Six Icelandic Firms on Yale’s List of Companies Doing Business in Russia, Three Shouldn’t Be

The Yale School of Management names six Icelandic businesses on its list of companies still doing business in Russia, but RÚV reports that three of them have no presence or operations in Russia at all, and one never did in the first place. Attempts have been made to contact the manager of the Yale list, a professor and dean at the university, to make appropriate corrections, but these attempts have not been successful.

Failing grades

The list, simply dubbed “Yale CELI List of Companies” (CELI stands for Chief Executive Leadership Institute”) was started on February 28, days after Russia’s invasion of Ukraine. Since then, the responses of over 1,200 companies regarding their presence and business activities in Russia have been tracked by Professor Jeffrey Sonnenfeld and the Yale Research Team. “Originally a simple ‘withdraw’ vs. ‘remain’ list,” reads the preface, “our list of companies now consists of five categories—graded on a school-style letter grade scale of A-F for the completeness of withdrawal.”

The CELI list is said to be “updated continuously.” As of July 8, 2022, its headline read “Over 1,000 Companies Have Curtailed Operations in Russia—But Some Remain.” As of that time, six Icelandic companies were included on the list. Three of these—Hampiðjan, Knarr Maritime, and Sæplast—were given a grade of F, “Digging In: Defying Demands for Exit or Reduction of Activities.” Two other Icelandic companies—Marel and Naust Marine—were graded D, “Buying Time: Holding Off New Investments/Development” and one, Eimskip, was graded C, “Scaling Back: Reducing Current Operations.”

No operations in Russia, but still on the list

RÚV contacted the public relations officer for the shipping company Eimskip, who said the company had ceased sailing to Russia right after the invasion and moreover, had not had any operations in the country since 2019, when it closed its Russian office. The PR officer said that Eimskip has attempted to contact Prof. Sonnenfeld to correct its record without success.

According to the Yale list, Knarr Maritime, has “members still operating in Russia.” RÚV reports, however, that the company closed its office in Russia two years ago and no longer has any operations there.

Sæplast, a company that designs and manufactures insulated tubs and pallets for use in the fishing industry, issued a statement on its website on Thursday, saying that it has no operations in Russia, and never has. “The company has no office in Russia and no employee works there,” reads the statement. “Sæplast sold tubs to Russia for many years, either directly or through agents and/or independent distributors, but since Russia invaded Ukraine, no products have been sold there or delivered from Sæplast to the Russian market. Allegations about Sæplast’s operations and trade with Russia are therefore incorrect.”

According to Sæplast general manager Daði Valdimarsson, the company has attempted to convey this information to the managers of the Yale list but has had no success. Sæplast has also been in touch with the Embassy of Ukraine to Iceland (located in Finland) via the Iceland Chamber of Commerce.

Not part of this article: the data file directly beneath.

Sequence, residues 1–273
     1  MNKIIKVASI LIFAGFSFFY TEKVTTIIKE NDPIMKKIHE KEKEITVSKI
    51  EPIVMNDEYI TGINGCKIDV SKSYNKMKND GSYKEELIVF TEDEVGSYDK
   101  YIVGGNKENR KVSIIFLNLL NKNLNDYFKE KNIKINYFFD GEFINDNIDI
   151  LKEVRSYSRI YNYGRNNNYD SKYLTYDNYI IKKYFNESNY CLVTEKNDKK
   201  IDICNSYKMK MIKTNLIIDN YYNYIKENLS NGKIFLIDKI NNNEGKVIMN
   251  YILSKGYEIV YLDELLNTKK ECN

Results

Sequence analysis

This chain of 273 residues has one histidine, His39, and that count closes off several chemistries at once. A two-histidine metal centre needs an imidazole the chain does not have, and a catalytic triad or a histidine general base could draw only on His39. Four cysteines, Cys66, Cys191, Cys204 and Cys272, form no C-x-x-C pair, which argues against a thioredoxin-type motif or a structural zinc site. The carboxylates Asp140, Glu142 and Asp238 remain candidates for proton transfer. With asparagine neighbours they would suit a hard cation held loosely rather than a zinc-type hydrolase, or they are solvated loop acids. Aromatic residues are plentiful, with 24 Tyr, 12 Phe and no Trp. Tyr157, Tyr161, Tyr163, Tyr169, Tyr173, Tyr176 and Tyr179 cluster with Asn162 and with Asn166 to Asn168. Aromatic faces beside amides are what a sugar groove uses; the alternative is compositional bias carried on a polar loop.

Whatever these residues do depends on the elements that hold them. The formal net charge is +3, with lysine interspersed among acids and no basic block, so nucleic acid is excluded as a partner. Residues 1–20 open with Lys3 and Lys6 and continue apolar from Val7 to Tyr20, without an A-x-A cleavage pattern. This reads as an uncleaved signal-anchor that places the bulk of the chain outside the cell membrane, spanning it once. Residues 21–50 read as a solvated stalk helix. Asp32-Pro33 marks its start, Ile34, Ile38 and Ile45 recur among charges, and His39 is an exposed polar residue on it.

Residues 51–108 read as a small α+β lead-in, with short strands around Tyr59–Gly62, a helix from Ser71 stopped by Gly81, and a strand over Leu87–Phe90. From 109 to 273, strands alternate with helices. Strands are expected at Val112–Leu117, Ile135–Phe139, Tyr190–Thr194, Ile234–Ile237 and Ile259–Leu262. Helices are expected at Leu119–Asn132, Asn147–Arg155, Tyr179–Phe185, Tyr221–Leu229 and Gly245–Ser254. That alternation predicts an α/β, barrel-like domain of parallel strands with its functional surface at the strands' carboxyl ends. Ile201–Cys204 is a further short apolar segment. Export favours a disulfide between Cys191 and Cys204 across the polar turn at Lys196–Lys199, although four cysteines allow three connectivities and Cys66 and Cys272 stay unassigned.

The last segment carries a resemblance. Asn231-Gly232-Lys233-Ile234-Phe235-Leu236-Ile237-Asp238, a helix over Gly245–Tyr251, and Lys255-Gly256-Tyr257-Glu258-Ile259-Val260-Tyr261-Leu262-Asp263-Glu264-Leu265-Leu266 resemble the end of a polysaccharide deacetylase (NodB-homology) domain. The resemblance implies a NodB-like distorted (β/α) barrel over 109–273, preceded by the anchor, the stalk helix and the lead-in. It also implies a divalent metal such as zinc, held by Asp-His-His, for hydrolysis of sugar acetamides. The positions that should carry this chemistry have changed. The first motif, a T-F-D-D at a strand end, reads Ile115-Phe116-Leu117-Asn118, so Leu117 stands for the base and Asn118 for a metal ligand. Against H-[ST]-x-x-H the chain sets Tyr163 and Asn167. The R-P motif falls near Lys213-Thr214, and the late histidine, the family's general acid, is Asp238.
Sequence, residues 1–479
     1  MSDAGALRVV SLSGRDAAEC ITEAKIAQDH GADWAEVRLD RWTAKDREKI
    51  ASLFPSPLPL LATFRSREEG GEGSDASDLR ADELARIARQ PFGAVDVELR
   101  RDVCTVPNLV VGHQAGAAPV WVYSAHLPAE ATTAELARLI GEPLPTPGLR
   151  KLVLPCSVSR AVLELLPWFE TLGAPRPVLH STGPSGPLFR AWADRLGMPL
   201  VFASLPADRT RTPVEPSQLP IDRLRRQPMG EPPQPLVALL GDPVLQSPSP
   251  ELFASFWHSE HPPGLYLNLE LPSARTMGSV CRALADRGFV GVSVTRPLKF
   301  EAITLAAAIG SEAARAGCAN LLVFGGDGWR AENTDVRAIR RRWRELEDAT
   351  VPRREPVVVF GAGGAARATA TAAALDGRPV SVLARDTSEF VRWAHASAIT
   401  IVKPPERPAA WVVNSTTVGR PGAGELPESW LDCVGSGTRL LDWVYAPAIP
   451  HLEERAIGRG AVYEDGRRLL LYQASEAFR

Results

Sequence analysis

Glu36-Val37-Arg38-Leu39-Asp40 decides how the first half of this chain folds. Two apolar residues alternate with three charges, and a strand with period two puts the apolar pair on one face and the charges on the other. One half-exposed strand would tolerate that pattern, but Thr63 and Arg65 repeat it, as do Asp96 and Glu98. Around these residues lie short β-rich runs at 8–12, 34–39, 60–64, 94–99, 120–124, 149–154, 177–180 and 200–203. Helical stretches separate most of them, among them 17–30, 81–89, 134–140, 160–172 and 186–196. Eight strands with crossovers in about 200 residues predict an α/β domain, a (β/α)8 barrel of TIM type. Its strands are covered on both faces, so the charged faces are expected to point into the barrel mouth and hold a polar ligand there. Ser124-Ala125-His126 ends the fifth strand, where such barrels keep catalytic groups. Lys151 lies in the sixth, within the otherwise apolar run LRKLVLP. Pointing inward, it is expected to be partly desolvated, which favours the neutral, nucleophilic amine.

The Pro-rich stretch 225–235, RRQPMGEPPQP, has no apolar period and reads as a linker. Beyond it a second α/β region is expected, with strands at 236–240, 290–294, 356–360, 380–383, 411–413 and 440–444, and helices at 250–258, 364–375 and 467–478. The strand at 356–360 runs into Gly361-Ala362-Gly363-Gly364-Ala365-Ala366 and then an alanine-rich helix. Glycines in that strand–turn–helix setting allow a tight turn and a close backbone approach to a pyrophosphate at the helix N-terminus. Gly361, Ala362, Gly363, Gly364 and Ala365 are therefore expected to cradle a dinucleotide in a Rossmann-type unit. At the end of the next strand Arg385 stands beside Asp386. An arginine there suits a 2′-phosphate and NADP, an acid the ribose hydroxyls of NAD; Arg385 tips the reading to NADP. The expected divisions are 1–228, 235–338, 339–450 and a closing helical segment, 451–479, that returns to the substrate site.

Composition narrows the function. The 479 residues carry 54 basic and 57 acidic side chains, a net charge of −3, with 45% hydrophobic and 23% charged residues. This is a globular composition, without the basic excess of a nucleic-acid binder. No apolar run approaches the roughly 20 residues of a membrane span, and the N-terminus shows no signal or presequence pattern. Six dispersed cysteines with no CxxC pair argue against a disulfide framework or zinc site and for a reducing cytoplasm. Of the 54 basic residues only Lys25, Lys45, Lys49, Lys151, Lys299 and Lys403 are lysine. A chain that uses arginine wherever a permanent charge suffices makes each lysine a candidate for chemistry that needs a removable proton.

Still have offices in Russia

Naust Marine is one of two Icelandic companies given a D grade, meaning that they’ve paused but not ceased operations in Russia. Four years ago, Naust Marine signed a major deal to sell electric winches to Russia for use on its trawlers. General Manager Bjarni Þór Gunnlaugsson told RÚV the deal is at a complete standstill, but it’s unclear what that means for future operations.

Fellow D recipient Marel, a food processing company, published a statement on its website on March 9, saying that it “strongly condemns the military actions of the Russian government in Ukraine” and that it had “taken the decision to pause all new projects in Russia.” The statement continued by saying that Marel has a sales and service operation in Russia, and employees 70 people. It will “continue to prioritize the safety and wellbeing of our employees” and “maintain our dedicated teams in the Ukraine and Russia and our office in Russia, despite expected lower utilization in the near future.” The statement also added that “Marel’s annual revenues and order book in Russia and Ukraine amount to approximately 4% of total.”

RÚV was unable to speak to management at fishing manufacturer Hampiðjan, as they were apparently all attending a meeting on Friday. The company has an office in Murmansk, Russia. At time of writing, there was no information on Hampiðjan’s website indicating whether the Murmansk office is still operational, or if the its business activities in Russia have changed at all since the invasion of Ukraine.

Iceland Closes Airspace to Russia

Iceland

The Icelandic government has decided to close its airspace to Russian aircraft. RÚV reports that Minister of Foreign Affairs Þórdís Kolbrún Reykfjörð Gylfadóttir announced the decision via Twitter on Sunday morning, “in solidarity with Ukraine.”

Iceland was one of several Nordic countries to close its airspace to Russia over the weekend; Denmark, Sweden, and Finland announced that they would be doing the same on Sunday. Britain, Bulgaria, the Czech Republic, Estonia, Latvia, Lithuania, Poland, and Romania have also closed their airspace to Russia and Germany has announced its intention to do so as well. It’s expected that Russia will face a total EU airspace ban shortly.